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Army Sgt. Vyncent Beasley, front, and Sgt. Ryon Powers scan missile alert screens at Misawa Air Base, Japan, as part of the Army's Best Missile Warning Crew competition. The competition, which presents crews with complex, simulated missile alerts based on actual past events, was won by the team from Osan Air Base, South Korea.
Army Sgt. Vyncent Beasley, front, and Sgt. Ryon Powers scan missile alert screens at Misawa Air Base, Japan, as part of the Army's Best Missile Warning Crew competition. The competition, which presents crews with complex, simulated missile alerts based on actual past events, was won by the team from Osan Air Base, South Korea. (Courtesy U.S. Army)

YOKOTA AIR BASE, Japan — Imagine your job is spending 12-hour shifts dealing with a hysterical Chicken Little.

That, in essence, is what the dozen-or-so soldiers face each day while ensconced in the missile warning shelter at the Army’s Joint Tactical Ground Station at Misawa Air Base.

Around the clock, three-person crews gaze at computer screens crowded with thousands of “heat signature” dots that might or might not represent missile launches.

On any given day, the computerized warning system – dubbed “Brenda” by the soldiers who live with her panicky ways – announces a missile alert based on those dots 100 to 150 times, according to Maj. Christopher Turner, the commander of the JTAGS visiting from Colorado Springs headquarters.

“Of those, maybe one or two are actually missile launches,” said Turner, whose command oversees the Misawa station as well as units in South Korea, Germany and Qatar.

The Asian JTAGS are part of ballistic missile defense shield being developed by Japan and the United States with an eye toward North Korea. JTAGS are an early warning system for troops on the ground, but information about a missile launch is also immediately processed at the Space and Missile Defense Command in Colorado Springs. The command tries to “determine who fired it and what kind of missile it was, based on not just our data but also intelligence on the ground and satellite intelligence,” Turner said.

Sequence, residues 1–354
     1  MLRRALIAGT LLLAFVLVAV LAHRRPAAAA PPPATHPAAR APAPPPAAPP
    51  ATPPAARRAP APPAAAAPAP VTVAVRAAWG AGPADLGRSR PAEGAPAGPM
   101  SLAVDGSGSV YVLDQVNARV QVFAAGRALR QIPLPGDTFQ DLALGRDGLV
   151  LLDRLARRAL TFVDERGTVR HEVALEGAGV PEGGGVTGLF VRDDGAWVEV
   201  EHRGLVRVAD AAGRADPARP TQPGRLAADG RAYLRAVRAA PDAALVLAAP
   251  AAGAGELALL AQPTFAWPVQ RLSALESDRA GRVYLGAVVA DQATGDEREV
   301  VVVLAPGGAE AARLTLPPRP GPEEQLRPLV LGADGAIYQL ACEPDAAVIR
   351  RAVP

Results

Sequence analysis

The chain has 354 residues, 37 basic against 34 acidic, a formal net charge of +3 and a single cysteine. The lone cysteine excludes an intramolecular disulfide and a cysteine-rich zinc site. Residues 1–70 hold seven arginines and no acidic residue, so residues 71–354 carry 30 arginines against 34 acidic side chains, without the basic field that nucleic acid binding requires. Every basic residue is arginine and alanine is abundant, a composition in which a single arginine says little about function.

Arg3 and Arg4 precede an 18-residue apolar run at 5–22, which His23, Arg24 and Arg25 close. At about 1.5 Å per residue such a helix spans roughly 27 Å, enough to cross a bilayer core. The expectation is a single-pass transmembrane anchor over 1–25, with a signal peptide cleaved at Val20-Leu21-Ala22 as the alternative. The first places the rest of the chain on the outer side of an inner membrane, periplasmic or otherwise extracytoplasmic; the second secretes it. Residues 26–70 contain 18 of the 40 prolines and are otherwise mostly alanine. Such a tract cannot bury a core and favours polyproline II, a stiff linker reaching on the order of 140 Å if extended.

Turner was recently in Misawa to test his crew’s ability to winnow out Brenda’s false alerts as part of the annual Best Missile Warning Crew competition, which wrapped up last week. The competition presents crews with complex, simulated missile alerts based on actual past events, with false data thrown in to keep things interesting.

Operators look at heat intensity, acceleration, trajectory and point of origin in determining whether it’s a threat.

“The system will constantly tell you things are happening when they’re actually not because it has to be an overly aggressive system to be effective,” said Spc. Bryan King, 24, who has played a role in the Misawa station winning the competition the past two years.

This year, the title of best crew went to a team at Osan Air Base, South Korea. Delta Crew from Charlie Detachment beat out 15 similar sized teams located in South Korea, Germany, Qatar and Japan, the Army announced Friday.

The thousands of heat signatures are created by everything from ships at sea to oil refineries, as well as electron particles in space that cause false positives in satellites.

When the system declares a missile alert, an evaluator reviews the data on the missile track, and the crew chief makes the final decision whether it’s valid. Most times, it isn’t, and the few that are verifiable missiles are likely non-threatening, such as a satellite launches.

If it were an actual attack, the station would send out a warning that gives troops located at the projected target two to five minutes to find shelter.

“It takes a lot of attention to detail to pick out the trademarks of a missile,” Turner said.

Stars and Stripes reporter John Vandiver contributed to this story.

olsonw@pstripes.osd.mil

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